Show me your...

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sweetalienchick's picture
Joined: 10/25/05
Posts: 2106
Show me your...

show me your 100% crops....

OK I'm very curious to know if it's just me being silly or what. But...what's a 100% crop really suppose to look like? Or rather what's your photo really suppose to look like at 100%? Show me one with fill flash (speedlight) and one with natural light. My flash ones the 100% crops look great but when it's natural light and low light (like in my house) I just get a lot of noise instead of a crisp clear photo. Is that normal? I'll post some examples today. I have actually been thinking of testing all of my lenses out so I might do that today Smile But post here if you could. I'm just curious. And if you don't mind sharing, I'd really appreciate it!

~L

EL2
EL2's picture
Joined: 12/05/07
Posts: 1665

To see 100% crop, use your magnification tool and right click on actual pixel and it should show you a 100% crop of the photo.

Here is an example using my 16-35ml lens. I only edited on ACR, no sharpening at all or noiseware. As you can see there is some noise in the 100% crop but not drastic. I was using my speedlight. Settings are ISO 400, f2.8, ss1/80

Original photo:

Here is 100% crop

sweetalienchick's picture
Joined: 10/25/05
Posts: 2106

hey great! Smile thanks for that example photo! Looks great to me! Oh and I know how to see it 100%. But let me rephrase that sentence. I guess what I REALLY mean is how crisp should a photo really be? I've heard of "tack sharp" focus. But what is that really and is your example considered tack sharp or?

fudd8963's picture
Joined: 12/27/07
Posts: 1630

Great question! I have been wondering the same thing.

sweetalienchick's picture
Joined: 10/25/05
Posts: 2106

I'm glad i'm not the only one curious Smile

One thing I've always wondered was...when I'm far away from my subject, and then later on in Photoshop zoom in 100%, they are not always crisp and clear. There is noise (of course that depends on ISO) usually but they are in focus when zoomed out (about 25% in Photoshop). Now, this picture here is an example of what I mean. I edited in ACR for white balance and exposure but I didn't touch the sharpening at all, then just saved. Settings are: aperture f/5, SS 1/250, ISO 400, 63mm using my 28-75mm 2.8 lens. Natural Light of course, no flash.

January 092 by loidaeg, on Flickr

and the 100%crop

January 092crop by loidaeg, on Flickr

now, is this normal? What in the world can I do to fix this? Am I doing something wrong? Should my settings be different? It was a gloomy day and the sun was going down so I had to use a higher ISO. Is this a BAD picture, technically? Is there anything wrong with this picture? I'm very curious because this is something that has been bugging me for a very very long time.

fudd8963's picture
Joined: 12/27/07
Posts: 1630

That is exactly how my pictures look also! I figured as long as I don't want to blow them up HUGE, then I would be ok. But I would LOVE to learn how to fix it.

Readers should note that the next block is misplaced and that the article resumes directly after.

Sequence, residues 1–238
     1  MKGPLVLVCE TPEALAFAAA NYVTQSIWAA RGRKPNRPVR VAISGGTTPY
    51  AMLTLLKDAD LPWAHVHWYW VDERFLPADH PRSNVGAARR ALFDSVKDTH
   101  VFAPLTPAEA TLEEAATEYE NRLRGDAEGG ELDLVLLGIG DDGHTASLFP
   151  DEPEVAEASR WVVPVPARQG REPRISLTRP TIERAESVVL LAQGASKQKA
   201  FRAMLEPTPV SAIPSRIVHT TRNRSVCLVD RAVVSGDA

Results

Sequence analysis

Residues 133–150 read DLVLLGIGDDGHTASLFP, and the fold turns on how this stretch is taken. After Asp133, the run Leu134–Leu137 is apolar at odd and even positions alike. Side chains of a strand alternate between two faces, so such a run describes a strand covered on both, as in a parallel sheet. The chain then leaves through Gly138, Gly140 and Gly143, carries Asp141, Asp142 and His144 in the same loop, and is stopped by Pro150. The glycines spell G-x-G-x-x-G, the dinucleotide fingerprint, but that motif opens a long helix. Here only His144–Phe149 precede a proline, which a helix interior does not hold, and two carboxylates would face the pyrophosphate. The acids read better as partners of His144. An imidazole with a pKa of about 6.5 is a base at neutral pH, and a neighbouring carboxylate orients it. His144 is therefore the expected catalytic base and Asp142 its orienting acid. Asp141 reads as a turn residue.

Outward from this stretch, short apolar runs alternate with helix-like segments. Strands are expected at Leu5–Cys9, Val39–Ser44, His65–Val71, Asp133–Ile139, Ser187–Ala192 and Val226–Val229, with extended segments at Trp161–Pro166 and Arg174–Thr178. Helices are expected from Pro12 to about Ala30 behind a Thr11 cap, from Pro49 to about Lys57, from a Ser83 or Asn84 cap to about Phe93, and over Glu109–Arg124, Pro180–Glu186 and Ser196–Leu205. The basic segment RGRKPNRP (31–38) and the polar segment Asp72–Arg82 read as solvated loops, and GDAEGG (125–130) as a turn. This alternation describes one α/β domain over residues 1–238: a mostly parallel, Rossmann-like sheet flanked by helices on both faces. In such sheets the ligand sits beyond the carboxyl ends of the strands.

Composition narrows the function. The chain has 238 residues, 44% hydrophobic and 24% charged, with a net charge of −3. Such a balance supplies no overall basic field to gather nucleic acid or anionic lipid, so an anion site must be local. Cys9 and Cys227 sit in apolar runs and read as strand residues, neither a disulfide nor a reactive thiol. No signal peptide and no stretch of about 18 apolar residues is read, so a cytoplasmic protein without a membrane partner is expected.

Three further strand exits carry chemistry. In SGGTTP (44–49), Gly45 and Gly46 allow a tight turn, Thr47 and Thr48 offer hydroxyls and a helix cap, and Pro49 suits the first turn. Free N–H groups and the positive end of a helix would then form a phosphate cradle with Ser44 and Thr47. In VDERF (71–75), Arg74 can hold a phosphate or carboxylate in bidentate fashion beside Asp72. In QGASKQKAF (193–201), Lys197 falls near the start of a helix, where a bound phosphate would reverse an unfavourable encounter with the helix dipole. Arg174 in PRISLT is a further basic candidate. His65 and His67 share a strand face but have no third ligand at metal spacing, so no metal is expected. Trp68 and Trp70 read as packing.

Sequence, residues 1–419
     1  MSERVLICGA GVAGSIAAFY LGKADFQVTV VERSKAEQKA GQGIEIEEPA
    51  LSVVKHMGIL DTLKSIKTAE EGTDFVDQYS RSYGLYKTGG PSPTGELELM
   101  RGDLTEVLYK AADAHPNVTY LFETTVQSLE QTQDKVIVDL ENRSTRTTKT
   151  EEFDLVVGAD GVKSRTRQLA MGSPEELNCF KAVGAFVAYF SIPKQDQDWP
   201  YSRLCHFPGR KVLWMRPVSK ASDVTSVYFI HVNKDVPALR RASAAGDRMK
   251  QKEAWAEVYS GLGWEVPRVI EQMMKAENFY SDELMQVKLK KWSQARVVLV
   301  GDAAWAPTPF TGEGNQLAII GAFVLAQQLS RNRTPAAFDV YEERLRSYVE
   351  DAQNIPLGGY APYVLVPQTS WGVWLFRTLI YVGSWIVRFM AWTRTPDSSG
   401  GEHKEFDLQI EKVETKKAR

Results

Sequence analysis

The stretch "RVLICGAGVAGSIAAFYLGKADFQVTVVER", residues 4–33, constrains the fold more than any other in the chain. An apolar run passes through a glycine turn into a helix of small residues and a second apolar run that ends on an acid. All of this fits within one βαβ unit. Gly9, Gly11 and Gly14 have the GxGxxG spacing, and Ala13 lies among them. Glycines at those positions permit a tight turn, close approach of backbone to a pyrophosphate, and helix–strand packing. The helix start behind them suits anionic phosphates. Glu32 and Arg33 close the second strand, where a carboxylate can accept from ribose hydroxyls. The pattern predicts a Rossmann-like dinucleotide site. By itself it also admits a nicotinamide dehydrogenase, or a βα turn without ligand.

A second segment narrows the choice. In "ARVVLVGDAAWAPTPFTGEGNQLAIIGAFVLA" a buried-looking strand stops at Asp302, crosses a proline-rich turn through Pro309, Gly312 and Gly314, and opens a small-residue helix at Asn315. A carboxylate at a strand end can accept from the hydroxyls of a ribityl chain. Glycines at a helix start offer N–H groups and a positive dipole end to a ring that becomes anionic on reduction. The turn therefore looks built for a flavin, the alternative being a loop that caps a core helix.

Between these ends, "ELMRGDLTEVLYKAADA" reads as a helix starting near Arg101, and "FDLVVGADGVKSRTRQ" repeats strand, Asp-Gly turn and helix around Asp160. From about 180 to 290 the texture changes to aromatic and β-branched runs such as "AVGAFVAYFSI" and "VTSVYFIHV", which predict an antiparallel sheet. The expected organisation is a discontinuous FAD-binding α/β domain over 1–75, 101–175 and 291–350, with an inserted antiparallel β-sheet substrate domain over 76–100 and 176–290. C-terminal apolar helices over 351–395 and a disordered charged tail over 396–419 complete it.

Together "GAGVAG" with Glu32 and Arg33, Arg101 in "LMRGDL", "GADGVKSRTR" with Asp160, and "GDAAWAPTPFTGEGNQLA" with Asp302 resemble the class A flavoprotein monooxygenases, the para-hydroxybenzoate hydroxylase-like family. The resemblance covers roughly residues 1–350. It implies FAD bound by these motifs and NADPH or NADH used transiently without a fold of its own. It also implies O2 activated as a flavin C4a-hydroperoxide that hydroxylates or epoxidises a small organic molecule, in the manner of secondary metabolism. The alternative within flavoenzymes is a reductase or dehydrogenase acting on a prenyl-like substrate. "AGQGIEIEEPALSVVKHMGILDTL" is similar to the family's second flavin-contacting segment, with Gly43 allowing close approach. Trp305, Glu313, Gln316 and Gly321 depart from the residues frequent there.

sweetalienchick's picture
Joined: 10/25/05
Posts: 2106

Yeah I wonder how other people get their photos printed so big without them looking all funny. I hope someone else knows Smile

jamie81's picture
Joined: 11/10/07
Posts: 164

Great thread! I'll be curious to see what others say too!

AmberBella's picture
Joined: 02/15/07
Posts: 1831

Don't worry about blowing those things up. Noise always seems to look much worse on my computer than on printed photos.

Also, you'll never percieve your far away subjects looking as crisp as your close up subjects. I think it has something to do with the way our brain works. There just aren't as many pixels making up the eye in a far away shot, so the eye doesn't show as much detail, and you perceive more noise in it.

Also remember, that there is a lot more noise in the dark parts of a photo. So, the shadows and blacks look much noisier than the rest of the image. The best way to protect against excessive noise (other than keeping the ISO low) is to make sure you expose the image properly. This is one reason people like to expose to the right...it lessens the amount of noise in the image.

Somewhere on my computer I have an example of a photo taken (underexposed) at ISO 1600 and then properly exposed at ISO 2500. There appears to be less noise in the 2500 version even though ISO 2500 really should produce more noise. Because it is properly exposed...it looks cleaner and crisper.

EL2
EL2's picture
Joined: 12/05/07
Posts: 1665

I agree with Amber. I think it is also associated with the pixels on the sensor of the camera.

Amy_&_Eva's picture
Joined: 08/23/07
Posts: 2378

I agree about exact exposure minimizing the noise; but I would think that when a subject is farther away, a camera naturally cannot acquire as much detail as it can with a closeup subject, just like our own eyes can't. So the resulting camera image has more "messy" pixels for the parts that are farther away. I would like to read more about this though.

sweetalienchick's picture
Joined: 10/25/05
Posts: 2106

Thanks Amber! Always appreciate your input Smile so my image is totally normal huh? I was actually pretty worried for awhile there Lol I just never knew how to say it. I'm glad I posted this then. I always expose to the right. I've always found my images look a lot better that way.

fudd8963's picture
Joined: 12/27/07
Posts: 1630

Great explination Amber! Makes total sense now that I hear it. I always try to expose to the right, but now I know why they look better that way.